Later in the film, Katara says my favorite line ever, "We need to show them that we believe in our beliefs as much as they believe in their beliefs." It's as if Shyamalan had a cue card that he was planning to turn into an actual bit of dialog, but he forgot. There's a lot of cue-card writing in this film, and it feels like Shyamalan is leaving things as sign-posty as possible, in order to make fun of the by-the-numbers storytelling in so many Hollywood epics. The master has come to school us all.
hymnia: (Default)
...that I have a newborn niece, as of about 5:00 AM this past Saturday. Sorry, it was kind of a strange weekend and I wasn't online much. Then the news broke on Facebook when my dad posted pics, and some of you got the news there. And in all that, I somehow forgot I still hadn't announced on LJ.

So yes, I'm an aunt for the second time, and now in addition to my nephew, there's also an adorable tiny lady that I can and will do my utmost to outfit with every cute purple thing I can find. :D

In other news, I saw Wolverine last Friday night. I thought the movie was good overall but was a bit disappointed in Gambit. The Gambit in my mind is more suave, more rugged, and a bit older* than Taylor Kitsch. Ah well.

*I know, my complaint that he's too young can be explained by the fact that it's a prequel. Also, Rogue is too young compared to the comics as well, so maybe if they pair them up in future movies WHICH THEY SHOULD, it would balance out better. So I'm more forgiving on that, BUT it does sort of add to the general impression that "that's not my Gambit".

Joie

Tribond!

May. 20th, 2007 09:45 pm
hymnia: (Default)
It's been a long time since I've posted a tribond question, but I had an idea for one last night that I had to share.

For those of you who have never played the game before, the goal is to find the common factor between three things.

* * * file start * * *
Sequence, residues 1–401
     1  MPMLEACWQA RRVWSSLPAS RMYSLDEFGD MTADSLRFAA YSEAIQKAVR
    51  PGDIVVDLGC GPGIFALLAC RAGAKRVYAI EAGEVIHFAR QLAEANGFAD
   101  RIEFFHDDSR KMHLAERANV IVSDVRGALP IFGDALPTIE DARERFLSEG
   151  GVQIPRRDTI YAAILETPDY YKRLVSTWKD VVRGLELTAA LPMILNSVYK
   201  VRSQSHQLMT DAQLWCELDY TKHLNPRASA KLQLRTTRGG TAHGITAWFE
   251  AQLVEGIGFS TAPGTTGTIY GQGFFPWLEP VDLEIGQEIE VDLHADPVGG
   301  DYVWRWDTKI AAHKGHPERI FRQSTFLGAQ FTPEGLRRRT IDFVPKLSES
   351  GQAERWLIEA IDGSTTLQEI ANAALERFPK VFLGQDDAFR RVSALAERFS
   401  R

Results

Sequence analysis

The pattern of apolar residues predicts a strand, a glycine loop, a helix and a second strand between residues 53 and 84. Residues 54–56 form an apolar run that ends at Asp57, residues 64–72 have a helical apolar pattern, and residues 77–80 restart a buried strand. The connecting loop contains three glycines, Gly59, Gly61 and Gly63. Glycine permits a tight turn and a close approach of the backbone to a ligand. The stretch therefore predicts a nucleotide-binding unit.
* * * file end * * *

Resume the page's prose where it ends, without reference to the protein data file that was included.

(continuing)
Here's the question, complete with visual aids )

So...what do they have in common?

Also, you know those "100 Greatest [fill in the blank]" film lists? Well, this one that [livejournal.com profile] connielane pointed out is AWESOME.

Joie
hymnia: (Default)
7 weeks to go, guys. :D

Some recommended reading: The Premature Prediction ~ A very interesting prediction about how the end of Book 7 might go down, with some thoughts on the origin of Lord Voldemort and the nature of the connection between him and Harry. This is a follow-up to The Changeling Hypothesis, which you might want to check out, also, if you haven't already.

And a little meme gacked from [livejournal.com profile] claudia_k.

Come up with your own movie “Top 5” category (for example, “The Top 5 Best Insults”). Or you can steal someone else’s category—we’re easy! Then list the relevant movies/scenes.

I do not consider this to be a definitive list of the top five movies in this category, nor are they even necessarily my five favorites, but they are the five movies I like in this category which first came to mind.

Joie's Top Five Cinematic Surprise Endings:

5. Memento ~ I love non-chronological story-telling, and the way this movie works from the two bookends to a climatic point in the middle that Explains It All never fails to impress me.
4. Gosford Park ~ Definitely not your average whodunnit. The answer to this mystery is heartbreaking and perfect. And the fact that's it's solved by perhaps the only character worthy of knowing the truth (hint: it's not the idiotic detective sent in to investigate the case) makes it even better.
3. The Trouble with Angels ~ This lesser-known Hayley Mills film is a favorite of mine. It fools you into thinking it's nothing more than a light-hearted comedy about schoolgirls' pranks, but the girls' final year of school brings the story to an unexpected and poignant conclusion.
2. The Sixth Sense ~ One of those great twist endings that just completely pulls the rug out from under you, and makes you rethink all your previous assumptions.
1. The Empire Strikes Back ~ What can I say? It's classic. And I obviously have Star Wars on my mind lately. ;)

Joie